In 1988, Miksic and her partner, Peter Burns, purchased the old creamery in Plainfield and the former Pentecostal church next to it. On the church altar, Miksic built a stage for dancing. Today, the stage serves a different function: It holds stacks of metal shelving, heavy with bolt on bolt of bright, patterned fabric. The church serves as Salaam’s headquarters.
Salaam, which means “peace” in Arabic, began in earnest in 1990 after Miksic and Burns returned from a trip to Africa. The couple created the designs and hired a team of home sewers to assemble the pieces. Soon they had wholesale accounts all over the country.
Today, the company no longer employs home sewers, owing to the complications of state labor regulations. Nor do workers cut any fabric at the Plainfield studio. But the clothes are still made in the U.S. — these days, all the manufacturing happens in New York City.
Salaam’s line of clothing is fairly basic: tank dresses, wrap shirts, tube skirts, all with simple, flattering silhouettes. The pieces, which bear names such as Flippy, Flappy and Cutie, can be dressed up or down. Some of the designs veer into hippie territory, but that’s Miksic’s provenance.
The company’s stock-in-trade is its patterns, which Miksic takes great pride in selecting. Years ago, the renowned textile mills of Germany and France provided all Salaam’s fabrics. They looked exotic and gave Salaam’s clothes an aura of worldliness. But many of those mills have since closed or been consolidated, and finding eye-catching patterns on quality fabric has been tough. Still, it’s what customers clamor for.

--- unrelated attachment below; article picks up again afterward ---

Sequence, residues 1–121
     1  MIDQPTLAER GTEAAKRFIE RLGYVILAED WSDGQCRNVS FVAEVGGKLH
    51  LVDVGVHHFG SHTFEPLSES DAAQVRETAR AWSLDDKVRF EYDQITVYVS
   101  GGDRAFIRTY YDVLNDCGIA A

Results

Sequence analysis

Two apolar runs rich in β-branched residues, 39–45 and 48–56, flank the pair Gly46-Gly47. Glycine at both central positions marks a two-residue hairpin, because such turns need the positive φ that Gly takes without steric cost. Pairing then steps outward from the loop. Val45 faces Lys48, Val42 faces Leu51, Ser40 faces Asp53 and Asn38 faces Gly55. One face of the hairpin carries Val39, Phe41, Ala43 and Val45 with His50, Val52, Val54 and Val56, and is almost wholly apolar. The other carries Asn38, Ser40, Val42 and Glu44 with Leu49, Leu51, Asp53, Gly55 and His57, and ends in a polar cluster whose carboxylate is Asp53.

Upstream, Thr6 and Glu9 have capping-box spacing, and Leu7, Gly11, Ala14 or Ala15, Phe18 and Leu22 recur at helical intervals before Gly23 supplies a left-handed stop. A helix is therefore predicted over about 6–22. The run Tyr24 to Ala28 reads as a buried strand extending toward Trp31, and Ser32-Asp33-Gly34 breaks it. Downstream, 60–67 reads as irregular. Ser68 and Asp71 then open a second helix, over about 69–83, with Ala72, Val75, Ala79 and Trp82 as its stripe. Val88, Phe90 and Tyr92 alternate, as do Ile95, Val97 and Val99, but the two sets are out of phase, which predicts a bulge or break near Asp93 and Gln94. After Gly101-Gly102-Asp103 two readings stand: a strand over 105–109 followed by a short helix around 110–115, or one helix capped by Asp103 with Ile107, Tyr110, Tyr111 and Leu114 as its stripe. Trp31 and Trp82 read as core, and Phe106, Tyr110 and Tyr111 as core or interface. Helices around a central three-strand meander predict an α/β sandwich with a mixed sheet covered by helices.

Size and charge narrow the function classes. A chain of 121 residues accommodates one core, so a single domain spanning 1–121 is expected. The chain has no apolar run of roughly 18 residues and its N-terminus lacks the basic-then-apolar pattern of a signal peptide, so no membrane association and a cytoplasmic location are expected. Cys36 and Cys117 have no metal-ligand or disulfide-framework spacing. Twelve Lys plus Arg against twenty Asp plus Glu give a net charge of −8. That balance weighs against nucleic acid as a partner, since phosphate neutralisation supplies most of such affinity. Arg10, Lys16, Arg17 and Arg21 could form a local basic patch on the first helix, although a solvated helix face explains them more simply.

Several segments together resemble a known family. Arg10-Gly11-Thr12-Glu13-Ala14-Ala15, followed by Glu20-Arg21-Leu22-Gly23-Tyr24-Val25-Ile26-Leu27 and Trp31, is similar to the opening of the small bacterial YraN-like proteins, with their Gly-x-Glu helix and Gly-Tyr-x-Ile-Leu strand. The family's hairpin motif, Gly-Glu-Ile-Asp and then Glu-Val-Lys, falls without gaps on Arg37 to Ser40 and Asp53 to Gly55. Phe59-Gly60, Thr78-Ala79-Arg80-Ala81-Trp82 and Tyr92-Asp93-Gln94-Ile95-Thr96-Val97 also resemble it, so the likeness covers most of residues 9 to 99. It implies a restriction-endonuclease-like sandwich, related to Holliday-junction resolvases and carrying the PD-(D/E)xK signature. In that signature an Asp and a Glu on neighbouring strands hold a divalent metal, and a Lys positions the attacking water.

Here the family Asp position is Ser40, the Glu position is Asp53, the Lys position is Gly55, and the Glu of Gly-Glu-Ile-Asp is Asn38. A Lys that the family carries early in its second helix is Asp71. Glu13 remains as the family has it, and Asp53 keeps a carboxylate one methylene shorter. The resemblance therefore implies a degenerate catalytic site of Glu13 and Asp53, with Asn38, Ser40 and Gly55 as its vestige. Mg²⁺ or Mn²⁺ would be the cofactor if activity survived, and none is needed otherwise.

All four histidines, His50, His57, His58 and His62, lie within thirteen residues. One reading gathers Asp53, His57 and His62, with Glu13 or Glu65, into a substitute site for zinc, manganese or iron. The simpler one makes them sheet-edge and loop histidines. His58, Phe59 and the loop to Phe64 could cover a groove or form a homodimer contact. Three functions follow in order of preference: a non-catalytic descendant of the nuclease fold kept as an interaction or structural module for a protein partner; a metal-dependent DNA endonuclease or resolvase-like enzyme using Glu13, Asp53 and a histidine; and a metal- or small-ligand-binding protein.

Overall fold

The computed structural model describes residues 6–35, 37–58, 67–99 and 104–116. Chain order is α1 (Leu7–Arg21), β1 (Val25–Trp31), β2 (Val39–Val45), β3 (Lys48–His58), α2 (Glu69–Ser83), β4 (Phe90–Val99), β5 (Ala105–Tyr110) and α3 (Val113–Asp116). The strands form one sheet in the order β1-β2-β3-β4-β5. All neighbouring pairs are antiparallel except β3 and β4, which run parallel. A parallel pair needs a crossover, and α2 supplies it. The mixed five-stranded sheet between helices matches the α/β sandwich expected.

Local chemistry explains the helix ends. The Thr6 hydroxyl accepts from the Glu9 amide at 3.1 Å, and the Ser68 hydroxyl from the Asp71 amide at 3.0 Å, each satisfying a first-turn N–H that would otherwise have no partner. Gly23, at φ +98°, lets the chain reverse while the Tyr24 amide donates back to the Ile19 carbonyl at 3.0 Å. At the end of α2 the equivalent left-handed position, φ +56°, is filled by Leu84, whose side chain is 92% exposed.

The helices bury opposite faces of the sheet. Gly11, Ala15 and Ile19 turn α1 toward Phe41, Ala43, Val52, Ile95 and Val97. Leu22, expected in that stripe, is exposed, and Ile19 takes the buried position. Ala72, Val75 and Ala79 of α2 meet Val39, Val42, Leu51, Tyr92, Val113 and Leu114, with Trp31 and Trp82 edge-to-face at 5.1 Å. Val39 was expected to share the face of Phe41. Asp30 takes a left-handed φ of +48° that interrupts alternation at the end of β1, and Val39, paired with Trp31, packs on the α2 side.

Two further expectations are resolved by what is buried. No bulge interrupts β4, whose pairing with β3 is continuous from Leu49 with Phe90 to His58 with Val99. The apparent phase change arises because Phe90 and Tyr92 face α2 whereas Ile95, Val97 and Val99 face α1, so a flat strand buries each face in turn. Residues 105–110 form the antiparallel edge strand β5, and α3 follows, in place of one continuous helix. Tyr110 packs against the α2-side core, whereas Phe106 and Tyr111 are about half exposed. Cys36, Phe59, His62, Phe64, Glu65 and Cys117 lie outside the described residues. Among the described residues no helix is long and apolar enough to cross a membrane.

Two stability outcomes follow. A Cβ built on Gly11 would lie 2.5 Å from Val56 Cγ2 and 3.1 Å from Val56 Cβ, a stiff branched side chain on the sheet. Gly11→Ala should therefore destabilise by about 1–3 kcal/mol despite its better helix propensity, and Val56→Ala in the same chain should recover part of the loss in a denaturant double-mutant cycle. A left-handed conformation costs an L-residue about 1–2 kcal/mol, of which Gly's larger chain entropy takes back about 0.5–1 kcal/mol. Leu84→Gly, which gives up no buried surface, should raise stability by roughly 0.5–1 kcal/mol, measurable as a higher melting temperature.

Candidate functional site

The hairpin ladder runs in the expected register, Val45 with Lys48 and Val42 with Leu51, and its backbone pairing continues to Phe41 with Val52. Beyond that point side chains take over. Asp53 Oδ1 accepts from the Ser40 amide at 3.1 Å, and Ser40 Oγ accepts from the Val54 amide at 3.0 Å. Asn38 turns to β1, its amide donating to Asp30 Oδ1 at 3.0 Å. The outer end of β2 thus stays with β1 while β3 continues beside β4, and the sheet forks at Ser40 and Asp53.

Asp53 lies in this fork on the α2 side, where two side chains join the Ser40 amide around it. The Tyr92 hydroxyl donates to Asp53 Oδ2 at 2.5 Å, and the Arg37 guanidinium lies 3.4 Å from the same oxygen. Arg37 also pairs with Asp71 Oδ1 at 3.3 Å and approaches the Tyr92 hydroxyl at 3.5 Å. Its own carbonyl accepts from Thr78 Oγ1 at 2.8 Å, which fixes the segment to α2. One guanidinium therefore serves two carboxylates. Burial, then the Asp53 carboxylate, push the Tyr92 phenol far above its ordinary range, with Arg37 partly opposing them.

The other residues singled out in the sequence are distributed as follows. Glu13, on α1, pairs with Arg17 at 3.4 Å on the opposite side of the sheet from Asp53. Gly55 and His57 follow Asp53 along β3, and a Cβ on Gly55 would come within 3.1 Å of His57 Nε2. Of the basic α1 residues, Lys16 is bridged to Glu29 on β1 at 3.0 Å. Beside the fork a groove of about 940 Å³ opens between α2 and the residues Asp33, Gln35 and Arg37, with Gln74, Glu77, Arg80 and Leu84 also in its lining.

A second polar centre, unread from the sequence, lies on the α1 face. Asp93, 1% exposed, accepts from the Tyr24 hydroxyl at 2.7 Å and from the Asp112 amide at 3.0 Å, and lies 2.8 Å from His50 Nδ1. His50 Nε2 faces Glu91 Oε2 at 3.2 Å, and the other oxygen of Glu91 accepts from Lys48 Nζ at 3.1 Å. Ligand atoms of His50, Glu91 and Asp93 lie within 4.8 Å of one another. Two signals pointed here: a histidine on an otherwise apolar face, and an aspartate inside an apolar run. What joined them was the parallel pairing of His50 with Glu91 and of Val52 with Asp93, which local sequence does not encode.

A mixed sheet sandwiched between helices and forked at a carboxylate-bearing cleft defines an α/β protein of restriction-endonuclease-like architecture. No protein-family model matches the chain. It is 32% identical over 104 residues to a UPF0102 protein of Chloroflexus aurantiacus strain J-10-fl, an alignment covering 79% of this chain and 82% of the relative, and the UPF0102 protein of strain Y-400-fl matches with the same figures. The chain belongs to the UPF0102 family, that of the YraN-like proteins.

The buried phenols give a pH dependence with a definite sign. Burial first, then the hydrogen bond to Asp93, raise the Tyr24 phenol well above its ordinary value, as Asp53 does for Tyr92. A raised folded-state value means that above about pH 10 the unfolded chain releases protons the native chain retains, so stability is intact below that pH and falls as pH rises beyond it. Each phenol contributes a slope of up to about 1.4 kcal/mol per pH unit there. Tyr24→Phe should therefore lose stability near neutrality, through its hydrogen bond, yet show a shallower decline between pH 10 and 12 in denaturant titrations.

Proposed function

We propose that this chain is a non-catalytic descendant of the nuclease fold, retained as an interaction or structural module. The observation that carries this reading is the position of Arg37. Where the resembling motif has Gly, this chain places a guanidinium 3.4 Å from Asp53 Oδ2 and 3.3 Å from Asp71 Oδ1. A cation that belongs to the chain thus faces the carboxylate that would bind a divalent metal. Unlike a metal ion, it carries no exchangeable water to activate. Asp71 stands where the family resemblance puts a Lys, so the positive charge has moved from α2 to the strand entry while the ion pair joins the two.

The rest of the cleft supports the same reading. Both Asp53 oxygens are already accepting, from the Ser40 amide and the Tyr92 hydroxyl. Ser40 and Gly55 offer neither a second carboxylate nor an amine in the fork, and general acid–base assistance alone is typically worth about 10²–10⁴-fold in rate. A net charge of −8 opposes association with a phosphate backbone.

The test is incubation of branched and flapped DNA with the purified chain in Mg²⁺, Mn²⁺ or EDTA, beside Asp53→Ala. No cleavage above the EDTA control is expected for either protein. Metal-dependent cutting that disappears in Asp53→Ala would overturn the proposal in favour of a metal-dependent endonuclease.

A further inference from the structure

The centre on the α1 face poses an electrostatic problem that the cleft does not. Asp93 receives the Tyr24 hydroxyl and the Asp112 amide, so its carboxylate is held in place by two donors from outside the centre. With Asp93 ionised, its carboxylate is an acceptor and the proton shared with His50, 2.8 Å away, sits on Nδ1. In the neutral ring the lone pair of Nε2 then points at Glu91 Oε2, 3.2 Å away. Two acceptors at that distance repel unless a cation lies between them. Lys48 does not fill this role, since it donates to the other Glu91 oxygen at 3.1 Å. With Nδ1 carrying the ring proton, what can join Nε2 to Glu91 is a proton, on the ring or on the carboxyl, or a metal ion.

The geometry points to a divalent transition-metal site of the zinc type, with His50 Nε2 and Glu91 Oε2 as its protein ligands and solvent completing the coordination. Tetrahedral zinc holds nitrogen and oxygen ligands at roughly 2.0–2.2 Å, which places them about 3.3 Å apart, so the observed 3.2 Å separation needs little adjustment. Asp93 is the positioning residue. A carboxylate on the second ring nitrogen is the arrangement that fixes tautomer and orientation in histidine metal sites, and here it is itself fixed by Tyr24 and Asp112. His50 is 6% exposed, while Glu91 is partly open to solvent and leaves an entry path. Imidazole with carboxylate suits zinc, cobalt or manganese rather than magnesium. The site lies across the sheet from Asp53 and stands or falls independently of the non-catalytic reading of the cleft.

“When people like one style, they want to see it in a million patterns,” Miksic explains.
“Picking fabrics is what she’s really great at,” says Lorre Tucker, owner of Expressions boutique on Church Street in Burlington. Tucker was one of Salaam’s first wholesale customers and carried Miksic’s designs until the Salaam retail store opened in Burlington two years ago. “What I was always attracted to was Andrea’s sense of color,” Tucker adds. “Picking patterns is like an art.”
But, unfortunately for Miksic, the apparel business isn’t only about having a good eye. Her unconventional business style — using intuition and winging it — and her tendency toward disorganization have presented challenges over the years, as has the changing economy. Salaam’s profit margins have fluctuated wildly, and its retail outlets in Montpelier and Burlington have been difficult to maintain, she says.
In fact, Miksic is considering selling the Burlington store to her employees and is entertaining the idea of closing the Men’s Store, one of her two Montpelier retail locations. Still, she takes a lighthearted view of her business: “I love being creative and making things happen, but I suck at the rest.”
Miksic may not be the most savvy or traditional of entrepreneurs, but she succeeds in spite of herself. Salaam does about $1.25 million in sales annually, though Miksic says none of that is profit. More than 500 boutiques around the country carry Salaam’s clothing, and the brand’s customers remain loyal. “It is the greatest clothing I’ve ever worn, without a doubt,” says Jill Leona.
For Miksic, going with her gut may not be the worst way to do business.